It is January 12th and photographer’s Ann Brokelman, Donna Hayes and myself are finishing up a day of birding and bird photography at LaSalle Park in Burlington, Ontario. Approximately 200 trumpeter swans migrate here from locations such as the Wye Marsh in Midland, North Bay and Gloucester Pool, Ontario.
As I start walking in towards the beach area I am happy to see four familiar faces: Kyna Intini, Julie Kee and Bev and Ray Kingdon) with swan tagging gear in tow heading in the same direction. The four are dedicated members of the Ontario Trumpeter Swan Restoration Group (OTSRP), and licensed experts that catch and tag swans year round primarily at this location. Winter is a particularly good time for them to catch last year’s cygnets that have migrated here with their parents.
As they set up to tag, I grab a handful of corn and stoop down in front of Brutus, tag H34 and his mate, Amazon, tag E84, and they scoop the corn out of my hand using their bottom beak like a spoon. I know this pair well as they spend their summers at the Wye Marsh where I volunteer.
As I kneel amongst a milling sea of trumpeters, mutes, ducks and geese, I am amazed that the OTRSP, lead by Biologist Harry Lumsden, has brought this species back to a sustainable population of approximately 1,000 in just 31 years. Working with a dedicated team of volunteers and joined by the Wye Marsh Wildlife Centre in 1989 they raised trumpeter swan cygnets from eggs flown in from B.C., Alaska and Michigan.
Ready to tag, the group moves out with buckets of corn to lure in the cygnets to shore, and as I talk with Kee, her hand shoots out and grabs the neck of a cygnet. She immediately shifts to hugging the 25 to 30 pound swan with his stomach firmly against her body and his head draping across her back as she walks up to meet Intini. They change ownership with Intini talking a grasp on the bend in the swan’s wings, thus preventing any injury to either the swan or the handlers, and bring the bird to lie flat on the ground.
Kee straddles the swan with her knees on either side on his wings and rolls him onto his back. His head is now popping out by her boots and his feet in her hands. He is amazingly calm for being confined and he lays his head down wrapping it around the toe of Kee’s boot.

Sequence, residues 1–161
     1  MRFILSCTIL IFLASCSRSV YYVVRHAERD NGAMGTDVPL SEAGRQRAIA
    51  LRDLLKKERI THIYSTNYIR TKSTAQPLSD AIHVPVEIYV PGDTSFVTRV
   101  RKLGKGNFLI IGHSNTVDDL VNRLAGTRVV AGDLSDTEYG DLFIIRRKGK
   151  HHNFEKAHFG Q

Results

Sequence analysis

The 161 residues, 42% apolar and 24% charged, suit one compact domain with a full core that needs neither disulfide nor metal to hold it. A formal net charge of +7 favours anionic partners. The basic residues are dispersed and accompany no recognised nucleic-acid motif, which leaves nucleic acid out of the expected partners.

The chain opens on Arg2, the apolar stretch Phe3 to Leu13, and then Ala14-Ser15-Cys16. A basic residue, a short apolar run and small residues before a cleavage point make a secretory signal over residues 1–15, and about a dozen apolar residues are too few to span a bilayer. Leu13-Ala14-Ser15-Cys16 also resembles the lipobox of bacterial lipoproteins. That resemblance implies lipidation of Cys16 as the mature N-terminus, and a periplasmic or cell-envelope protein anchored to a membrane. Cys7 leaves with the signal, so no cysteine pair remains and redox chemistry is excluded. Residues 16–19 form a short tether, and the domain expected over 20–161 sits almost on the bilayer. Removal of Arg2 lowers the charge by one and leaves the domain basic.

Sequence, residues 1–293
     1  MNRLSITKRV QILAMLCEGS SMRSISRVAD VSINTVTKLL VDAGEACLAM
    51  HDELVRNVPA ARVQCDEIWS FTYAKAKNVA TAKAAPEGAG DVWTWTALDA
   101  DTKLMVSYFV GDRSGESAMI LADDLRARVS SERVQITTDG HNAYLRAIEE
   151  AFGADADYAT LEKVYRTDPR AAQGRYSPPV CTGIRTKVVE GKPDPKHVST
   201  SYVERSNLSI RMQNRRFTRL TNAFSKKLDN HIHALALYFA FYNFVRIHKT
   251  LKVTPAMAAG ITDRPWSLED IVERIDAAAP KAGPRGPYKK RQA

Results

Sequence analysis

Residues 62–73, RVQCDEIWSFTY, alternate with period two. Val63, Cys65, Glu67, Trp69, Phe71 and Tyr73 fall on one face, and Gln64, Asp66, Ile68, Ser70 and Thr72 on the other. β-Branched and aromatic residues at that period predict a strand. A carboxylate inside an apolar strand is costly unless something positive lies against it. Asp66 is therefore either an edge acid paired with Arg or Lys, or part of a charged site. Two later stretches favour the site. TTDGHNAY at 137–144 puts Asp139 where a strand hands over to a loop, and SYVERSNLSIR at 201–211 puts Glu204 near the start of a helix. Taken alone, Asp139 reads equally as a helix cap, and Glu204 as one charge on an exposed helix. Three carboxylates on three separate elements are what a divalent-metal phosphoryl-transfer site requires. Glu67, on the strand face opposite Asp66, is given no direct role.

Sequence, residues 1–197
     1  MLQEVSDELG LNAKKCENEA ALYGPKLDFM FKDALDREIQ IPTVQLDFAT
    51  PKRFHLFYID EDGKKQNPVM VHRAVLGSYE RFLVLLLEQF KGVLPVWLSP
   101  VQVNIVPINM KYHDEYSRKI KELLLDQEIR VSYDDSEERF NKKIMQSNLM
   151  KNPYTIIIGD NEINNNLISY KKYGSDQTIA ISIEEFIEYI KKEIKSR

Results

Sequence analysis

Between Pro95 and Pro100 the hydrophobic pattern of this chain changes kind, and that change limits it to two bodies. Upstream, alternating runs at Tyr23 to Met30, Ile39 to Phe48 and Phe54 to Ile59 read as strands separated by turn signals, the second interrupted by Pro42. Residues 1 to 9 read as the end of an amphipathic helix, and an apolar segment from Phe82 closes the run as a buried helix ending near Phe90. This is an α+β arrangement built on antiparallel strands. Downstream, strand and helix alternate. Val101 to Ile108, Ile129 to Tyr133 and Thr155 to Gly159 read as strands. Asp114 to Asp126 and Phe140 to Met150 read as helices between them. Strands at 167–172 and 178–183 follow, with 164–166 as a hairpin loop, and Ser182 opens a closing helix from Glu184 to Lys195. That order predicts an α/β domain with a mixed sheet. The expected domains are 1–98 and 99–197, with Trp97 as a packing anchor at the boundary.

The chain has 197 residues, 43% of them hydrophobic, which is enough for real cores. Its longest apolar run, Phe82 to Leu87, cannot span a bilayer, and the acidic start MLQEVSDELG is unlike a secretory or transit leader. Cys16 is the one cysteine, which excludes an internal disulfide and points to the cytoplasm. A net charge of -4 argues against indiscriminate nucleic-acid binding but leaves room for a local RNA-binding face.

I kneel down beside Kee and ask if I can touch his feet and remark at how soft they are, she agrees and states that their feet were highly sought after to make leather purses in the 1800s.
That is not an image I can reconcile in my brain anymore than I can accept that we hunted this magnificent species to extirpation in 1886 not only for their feet, but also feathers for hat making and quill pens, skins for powder puffs and also meat.
Intini moves in with the tagging kit and takes over holding his feet and Kee starts setting the numbered yellow triangular shaped tags into each wing with what looks like an oversized ear piercing device.
Once done, Kee moves to the side and releases the swan and he turns over and runs for the water. The newly tagged swan preens his wings and settles back in with his family who greets him with head bobbing and honks.
If you would like to report a swan sighting please click here or email: firstname.lastname@example.org
- Is the largest swan in the world with a wingspan of up to eight feet.
- Need open water to feed, bathe and rest.
- Require a minimum radius of 100 meters for take-offs and landings.
- Tip upside down to feed off aquatic vegetation (dabbler).
- Usually do not breed until they are at least four to six years old and typically mate for life.
- A male is called a cob, a female is a pen and baby a cygnet.
For more information go to:
Trumpeter Swan Society
Ontario Trumpeter Swans Facebook Group
Video of Trumpeter Swan Banding by Bev and Ray Kingdon